That magic has gone by the wayside.
The Seattle Mariners took a chance on trading for starting pitcher Aaron Harang, hoping that he could be an upgrade in the back of their rotation.
Thus far, they might want a refund on that chance.
Harang has struggled in all three of his starts, losing all three of them and posting an 11.37 ERA. Opposing batters are hitting a .362 off him thus far.
Inconsistency and the inability to throw strikes is the bane of every pitcher's existence. In the case of Mitchell Boggs, it's without a doubt surprising.
Boggs was stellar last season, posting a 2.21 ERA in 78 appearances with a 1.05 WHIP and 2.6 BB/9 rate.
Those numbers have ballooned this year to a 10.80 ERA, a 2.40 WHIP and a whopping 8.11 BB/9 rate. Boggs took over as closer for the injured Jason Motte but has since lost that role to Edward Mujica.
Boggs has been steady and consistent over the past three seasons, so it's likely he's going through some sort of a mechanical issue right now. But he's an enigma every time he takes the mound, not a good thing when his team needs quick outs and a steady presence.
The St. Louis Cardinals signed southpaw Randy Choate to complement left-handed pitcher Marc Rzepczynski in their bullpen.
Choate has done his job, posting a 2.70 ERA in eight appearances. Rzepczynski on the other hand—so to speak—has not.
After allowing two runs in two-thirds of an inning on Sunday, Rzepczynski now has a 7.88 ERA in nine outings. Left-handers are hitting him with equal aplomb—a .385 average as opposed to .348 against right-handed hitting.
That's the sort of performance that will give every manager headaches, not to mention a possible demotion.
There must be something about playing shortstop in Tampa Bay—none of them hit while they're there.
That seems to be the case for Yunel Escobar as well.
Heading into Sunday, Escobar was hitting just .164 with a .228 OBP. Not quite what the Rays had in mind when they signed the career .279 hitter.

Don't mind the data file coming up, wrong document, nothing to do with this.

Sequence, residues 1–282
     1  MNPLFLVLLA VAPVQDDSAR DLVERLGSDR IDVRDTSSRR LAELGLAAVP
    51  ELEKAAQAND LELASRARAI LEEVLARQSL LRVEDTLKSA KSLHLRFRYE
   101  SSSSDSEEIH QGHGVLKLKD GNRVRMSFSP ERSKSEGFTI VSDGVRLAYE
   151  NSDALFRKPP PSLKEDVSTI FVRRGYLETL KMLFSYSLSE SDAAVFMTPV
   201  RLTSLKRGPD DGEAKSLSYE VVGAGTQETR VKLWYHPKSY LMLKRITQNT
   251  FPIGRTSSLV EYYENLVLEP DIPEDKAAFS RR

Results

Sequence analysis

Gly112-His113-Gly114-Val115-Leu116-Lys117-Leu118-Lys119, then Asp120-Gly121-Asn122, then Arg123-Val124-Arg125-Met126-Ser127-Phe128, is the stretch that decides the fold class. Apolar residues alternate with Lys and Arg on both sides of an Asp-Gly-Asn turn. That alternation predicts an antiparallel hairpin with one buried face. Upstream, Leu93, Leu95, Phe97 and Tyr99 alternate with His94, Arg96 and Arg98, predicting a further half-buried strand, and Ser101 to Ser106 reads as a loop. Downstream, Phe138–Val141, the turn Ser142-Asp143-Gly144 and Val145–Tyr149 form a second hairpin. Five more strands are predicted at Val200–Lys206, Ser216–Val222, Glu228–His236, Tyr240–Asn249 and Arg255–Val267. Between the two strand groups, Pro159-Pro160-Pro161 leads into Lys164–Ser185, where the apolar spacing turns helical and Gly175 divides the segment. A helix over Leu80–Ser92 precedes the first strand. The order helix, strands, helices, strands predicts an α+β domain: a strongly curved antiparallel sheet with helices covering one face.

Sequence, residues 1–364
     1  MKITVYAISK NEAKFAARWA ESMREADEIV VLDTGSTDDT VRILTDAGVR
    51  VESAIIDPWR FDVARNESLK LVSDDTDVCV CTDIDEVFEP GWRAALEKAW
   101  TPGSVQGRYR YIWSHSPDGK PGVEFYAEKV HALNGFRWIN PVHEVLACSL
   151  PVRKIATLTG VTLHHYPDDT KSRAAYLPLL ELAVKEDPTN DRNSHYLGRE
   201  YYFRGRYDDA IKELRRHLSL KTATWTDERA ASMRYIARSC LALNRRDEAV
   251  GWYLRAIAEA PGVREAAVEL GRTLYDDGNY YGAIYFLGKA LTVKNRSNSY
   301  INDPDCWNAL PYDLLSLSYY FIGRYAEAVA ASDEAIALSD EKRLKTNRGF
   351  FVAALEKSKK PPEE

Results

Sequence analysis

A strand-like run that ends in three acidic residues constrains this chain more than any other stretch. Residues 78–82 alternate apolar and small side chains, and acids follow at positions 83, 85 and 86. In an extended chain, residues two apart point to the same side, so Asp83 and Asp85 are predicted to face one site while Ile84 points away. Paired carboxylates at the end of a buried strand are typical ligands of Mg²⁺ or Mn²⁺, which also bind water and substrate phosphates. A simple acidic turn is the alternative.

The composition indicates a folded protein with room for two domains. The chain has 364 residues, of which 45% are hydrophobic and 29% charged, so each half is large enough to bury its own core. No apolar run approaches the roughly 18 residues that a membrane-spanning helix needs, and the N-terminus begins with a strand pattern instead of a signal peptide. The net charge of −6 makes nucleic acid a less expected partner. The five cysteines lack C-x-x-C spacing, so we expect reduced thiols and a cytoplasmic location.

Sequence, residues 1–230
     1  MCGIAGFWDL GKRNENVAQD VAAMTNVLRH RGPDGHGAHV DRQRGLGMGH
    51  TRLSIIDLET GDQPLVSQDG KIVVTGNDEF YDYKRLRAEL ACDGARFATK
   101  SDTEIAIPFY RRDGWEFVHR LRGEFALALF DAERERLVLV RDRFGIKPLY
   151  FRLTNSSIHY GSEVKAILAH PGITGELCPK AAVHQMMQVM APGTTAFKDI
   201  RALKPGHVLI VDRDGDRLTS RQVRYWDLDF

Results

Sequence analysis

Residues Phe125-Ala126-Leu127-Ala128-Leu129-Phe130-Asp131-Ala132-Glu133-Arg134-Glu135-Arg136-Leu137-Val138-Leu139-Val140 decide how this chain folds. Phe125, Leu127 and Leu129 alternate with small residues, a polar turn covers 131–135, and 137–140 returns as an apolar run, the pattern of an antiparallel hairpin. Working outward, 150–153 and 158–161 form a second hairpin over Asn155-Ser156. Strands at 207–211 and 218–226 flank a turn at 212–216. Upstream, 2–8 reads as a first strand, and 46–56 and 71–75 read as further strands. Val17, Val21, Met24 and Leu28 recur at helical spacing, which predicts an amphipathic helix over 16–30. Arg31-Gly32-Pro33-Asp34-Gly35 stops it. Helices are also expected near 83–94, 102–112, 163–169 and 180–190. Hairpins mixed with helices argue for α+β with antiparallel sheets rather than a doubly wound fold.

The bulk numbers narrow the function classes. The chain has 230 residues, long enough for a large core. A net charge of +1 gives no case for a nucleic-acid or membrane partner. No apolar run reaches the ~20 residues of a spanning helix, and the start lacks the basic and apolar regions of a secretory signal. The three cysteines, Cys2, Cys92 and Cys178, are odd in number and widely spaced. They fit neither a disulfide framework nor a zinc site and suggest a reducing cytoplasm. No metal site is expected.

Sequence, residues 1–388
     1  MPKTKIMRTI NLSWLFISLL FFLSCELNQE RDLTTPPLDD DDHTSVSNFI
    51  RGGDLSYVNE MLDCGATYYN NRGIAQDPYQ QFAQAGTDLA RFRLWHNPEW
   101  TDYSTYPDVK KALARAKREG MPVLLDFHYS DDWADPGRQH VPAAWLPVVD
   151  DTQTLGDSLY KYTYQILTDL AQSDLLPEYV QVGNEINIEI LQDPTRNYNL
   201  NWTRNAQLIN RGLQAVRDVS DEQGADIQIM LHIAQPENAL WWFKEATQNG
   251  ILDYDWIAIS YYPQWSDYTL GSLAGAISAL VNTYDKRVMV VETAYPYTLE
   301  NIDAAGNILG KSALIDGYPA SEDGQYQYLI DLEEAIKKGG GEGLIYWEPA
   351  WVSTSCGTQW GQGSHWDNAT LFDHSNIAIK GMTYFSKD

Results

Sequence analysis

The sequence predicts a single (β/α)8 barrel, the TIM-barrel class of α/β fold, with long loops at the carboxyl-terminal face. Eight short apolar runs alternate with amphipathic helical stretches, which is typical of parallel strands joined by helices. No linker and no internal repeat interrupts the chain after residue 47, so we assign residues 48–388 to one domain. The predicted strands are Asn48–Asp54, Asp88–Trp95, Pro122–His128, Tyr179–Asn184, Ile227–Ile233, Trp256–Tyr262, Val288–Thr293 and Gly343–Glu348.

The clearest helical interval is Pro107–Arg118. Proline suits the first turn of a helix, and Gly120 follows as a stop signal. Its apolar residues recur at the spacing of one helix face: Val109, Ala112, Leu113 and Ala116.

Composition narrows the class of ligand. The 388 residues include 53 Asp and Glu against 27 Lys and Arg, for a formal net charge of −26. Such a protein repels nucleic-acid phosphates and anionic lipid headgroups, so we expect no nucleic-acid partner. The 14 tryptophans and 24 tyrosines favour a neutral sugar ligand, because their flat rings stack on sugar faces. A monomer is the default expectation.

Maybe Texas Rangers outfielder David Murphy is simply better suited as a reserve player.
Now that he has a defined role in the everyday lineup, he's not getting it done.
Murphy is now hitting .176 in the first month. He's played nearly every game in left field for the Rangers—maybe the shock of seeing his name penciled into the lineup every day has him rattled.
There is plenty of blame to go around concerning the Toronto Blue Jays and their 9-16 start to the season.
Infielder Emilio Bonifacio can certainly shoulder his share of the blame.
Brought over as part of the mega-deal with the Miami Marlins, Bonifacio has yet to get untracked, hitting just .190 in the month of April.
He also hasn't stolen a single base, something the Blue Jays were definitely counting on considering his 70 thefts over the past two seasons.
Toronto Blue Jays pitcher Mark Buehrle has been the model of consistency throughout his career—always around 200 innings each season with an ERA just below 4.00.
This year Buehrle has been anything but consistent.
In five starts he's posted a 6.35 ERA and has only gotten into the seventh inning in two of those starts. Opponents are hitting a healthy .306 off him as well.
With the 5.33 ERA from the Blue Jays rotation, there's blame to go around, but Buehrle thus far is nowhere near the pitcher the Blue Jays expected.
Another member of the Toronto Blue Jays rotation—and the third member of the Miami Marlins trade on this list—has given a subpar effort thus far.
Josh Johnson, thought to be a stud for the Jays, has been anything but.
He's posted a 6.86 ERA in his four starts with opposing batters having no problems figuring him out with a .329 average.
Only Jose Reyes has given the Blue Jays anything close to a quality performance among the players included in the trade with the Marlins thus far. It's no coincidence that they're now 5-10 without him in the lineup.
Washington Nationals first baseman Adam LaRoche is now mired in a slump that has him hitting just .143 with 25 strikeouts in 77 plate appearances.
LaRoche won a Gold Glove and Silver Slugger award last year along with placing sixth in NL MVP Award balloting.
It's a safe bet he'll dig his way out of his current quagmire, but for now LaRoche is not much help to the Nationals offense at all.
Washington Nationals second baseman Danny Espinosa will likely never compete for a batting title. But it wasn't expected he'd be hitting .174 for that matter, either.
That's where Espinosa finds himself heading into play on Sunday. The Nationals endured a tough stretch of games to be sure, but it wasn't made easier with several of their stars slumping.
Espinosa is more of a concern than Adam LaRoche in terms of figuring things out—he's only a .236 career hitter.
But the play from the right side of the Nationals infield is killing them right now. Both Espinosa and LaRoche need to figure things out before the Atlanta Braves run away and hide in the NL East.
Doug Mead is a featured columnist with Bleacher Report. His work has been featured in the Seattle Post-Intelligencer, SF Gate, CBS Sports, the Los Angeles Times and the Houston Chronicle.
Feel free to talk baseball with Doug anytime on Twitter.